As with the milk of any mammal, the composition of the milk varies with the breed, stage of lactation, feed, and age of the animal. But generally, there is virtually no difference in taste or richness between whole, fresh cow milk and goat milk. It is when the technologists mess around with the cow milk and turn it into chalk water that causes the believed difference between cow milk and goat milk. City people who are accustomed to regular standardized milk that has the butterfat removed to just barely meet minimum requirements are prone to comment on the "richness" of goat milk.
Biochemical composition: Despite the similarities, the composition and structure of the fat in cow milk and goat milk is one of their more significant differences.
It has long been said that goat milk is "naturally homogenized" because of its small fat globules. Actually, it turns out that it probably isn't the size of the fat globule that causes the cream in goat milk to remain in suspension. Recent research has shown that goat milk lacks a fat-agglutinating protein, a euglobulin that would cause the fat globules to adhere to one another and mass up. In fact, the cow is probably the only domestic animal that produces milk with this particular protein, according to Professor Robert Jenness of the University of Minnesota.
Still from the standpoint of human health, natural homogenization is better. Some research has shown that when fat globules are forcibly broken by mechanical means, an enzyme associated with milk fat (xanthine oxidase) is freed. This enzyme can penetrate the intestinal wall, enter the bloodstream, and damage the heart and arteries, creating scar tissue. In response, the body may release cholesterol in an attempt to lay a protective fatty material on the damaged and scarred areas, which can lead to arteriosclerosis. According to Dr. G. F. W. Delaware, no such problems are associated with natural (unhomogenized) cow milk or with goat milk.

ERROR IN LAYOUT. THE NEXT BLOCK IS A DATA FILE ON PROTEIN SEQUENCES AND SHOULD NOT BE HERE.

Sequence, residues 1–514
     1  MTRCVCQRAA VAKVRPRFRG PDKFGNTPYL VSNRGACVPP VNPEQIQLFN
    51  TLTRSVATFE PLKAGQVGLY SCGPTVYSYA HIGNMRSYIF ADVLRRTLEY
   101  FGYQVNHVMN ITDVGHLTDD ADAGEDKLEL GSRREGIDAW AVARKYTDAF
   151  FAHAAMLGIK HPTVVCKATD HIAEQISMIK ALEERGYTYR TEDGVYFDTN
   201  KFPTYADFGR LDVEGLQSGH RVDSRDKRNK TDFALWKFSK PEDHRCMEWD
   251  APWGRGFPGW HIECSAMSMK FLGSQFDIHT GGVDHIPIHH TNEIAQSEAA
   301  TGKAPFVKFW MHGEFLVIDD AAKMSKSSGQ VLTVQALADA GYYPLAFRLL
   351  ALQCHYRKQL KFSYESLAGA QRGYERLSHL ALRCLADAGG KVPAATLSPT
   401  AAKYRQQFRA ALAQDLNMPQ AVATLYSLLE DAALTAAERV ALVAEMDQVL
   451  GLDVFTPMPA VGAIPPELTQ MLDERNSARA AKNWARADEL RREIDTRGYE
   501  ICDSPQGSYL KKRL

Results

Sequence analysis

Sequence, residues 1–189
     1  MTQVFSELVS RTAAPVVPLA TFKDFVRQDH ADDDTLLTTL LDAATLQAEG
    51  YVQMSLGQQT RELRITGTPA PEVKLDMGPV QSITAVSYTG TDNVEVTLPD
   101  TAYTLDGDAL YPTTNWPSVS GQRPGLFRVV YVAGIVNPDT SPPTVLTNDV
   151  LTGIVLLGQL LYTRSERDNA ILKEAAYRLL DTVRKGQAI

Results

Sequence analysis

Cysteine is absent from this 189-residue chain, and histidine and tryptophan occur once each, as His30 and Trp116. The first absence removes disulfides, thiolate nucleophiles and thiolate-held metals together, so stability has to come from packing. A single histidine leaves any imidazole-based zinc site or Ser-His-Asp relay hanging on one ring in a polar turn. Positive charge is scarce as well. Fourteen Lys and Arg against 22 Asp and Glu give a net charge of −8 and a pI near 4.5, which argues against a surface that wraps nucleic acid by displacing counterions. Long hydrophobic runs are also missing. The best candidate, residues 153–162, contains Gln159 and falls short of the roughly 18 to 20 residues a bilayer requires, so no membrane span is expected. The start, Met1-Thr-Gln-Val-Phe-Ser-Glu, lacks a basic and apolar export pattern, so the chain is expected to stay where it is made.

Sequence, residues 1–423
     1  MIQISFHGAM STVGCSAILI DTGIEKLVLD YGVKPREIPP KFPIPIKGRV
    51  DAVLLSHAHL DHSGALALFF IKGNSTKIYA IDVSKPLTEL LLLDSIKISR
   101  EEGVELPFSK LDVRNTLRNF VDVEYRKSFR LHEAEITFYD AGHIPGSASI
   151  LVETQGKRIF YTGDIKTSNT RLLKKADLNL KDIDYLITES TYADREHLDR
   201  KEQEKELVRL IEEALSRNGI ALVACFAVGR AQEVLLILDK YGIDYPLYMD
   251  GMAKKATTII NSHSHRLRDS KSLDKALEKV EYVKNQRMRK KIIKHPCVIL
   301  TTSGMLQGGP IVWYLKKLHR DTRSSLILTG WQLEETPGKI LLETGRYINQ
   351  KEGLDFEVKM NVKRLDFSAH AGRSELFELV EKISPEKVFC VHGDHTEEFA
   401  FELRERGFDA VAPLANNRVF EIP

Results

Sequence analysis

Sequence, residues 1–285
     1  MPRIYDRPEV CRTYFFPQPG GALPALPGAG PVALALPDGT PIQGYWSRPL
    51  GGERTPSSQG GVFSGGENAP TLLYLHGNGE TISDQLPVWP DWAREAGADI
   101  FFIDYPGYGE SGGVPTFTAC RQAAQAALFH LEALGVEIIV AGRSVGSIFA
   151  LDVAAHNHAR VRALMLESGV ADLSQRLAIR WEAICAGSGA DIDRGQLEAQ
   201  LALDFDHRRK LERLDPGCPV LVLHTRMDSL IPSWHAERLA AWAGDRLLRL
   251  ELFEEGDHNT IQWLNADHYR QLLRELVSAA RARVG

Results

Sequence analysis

Other notes of interest regarding goat milk:
Goat milk is closer to human milk and is more easily accepted especially by those young or frail.
Goat milk has an alkaline reaction the same as a human mother's milk. Cow milk has an acid reaction.
Goat's milk does not form mucous (phlegm) and is therefore better tolerated by asthmatics and those with allergies.
Goat milk contains more chlorine, fluorine and silicon than any other domestic livestock. Chlorine and fluorine are natural germicides and fluorine assists in preventing diabetes.
Goat's milk contains 2% curd, which precipitates in the stomach. Cows milk is 10%.
Goats are naturally immune to diseases, such as tuberculosis, and are used in third-world countries to actually cure tuberculosis because of their inherent antibodies.
Goat's milk is tolerated by a compromised/damaged liver because of the smaller fat molecules.
Goat's milk has the ability to "sweeten" the intestinal tract and assist with constipation.
Goat's milk contains a higher evolved carotene (pro-Vitamin A). Researchers have found this to have cancer-preventing properties.
Did you know?
If a goat eats poison ivy (which, incidentally they love to do) and you then drink her raw milk from the next milking, it will help your body to build up immunity to poison ivy.
When freshly drawn, goat milk has a much lower bacterial count than cow milk.
Fresh, raw goat milk is good for 14 days from the day of milking if properly handled.
And Now the Cheese!When compared to cow milk products like cheddar and cream cheeses, Goat Cheese is lower in fat, calories and cholesterol. For example, cream cheese has 9.9 grams of fat per ounce, and cheddar cheese has 9.4 grams. But Chèvre has a low 5.5 grams of fat. In addition to these benefits, goat cheese has greater quantities of potassium, vitamin A, thiamine, niacin and is rich in protein.
|Per Oz.||Goat Cheese (Chèvre)||Cow's Cream Cheese|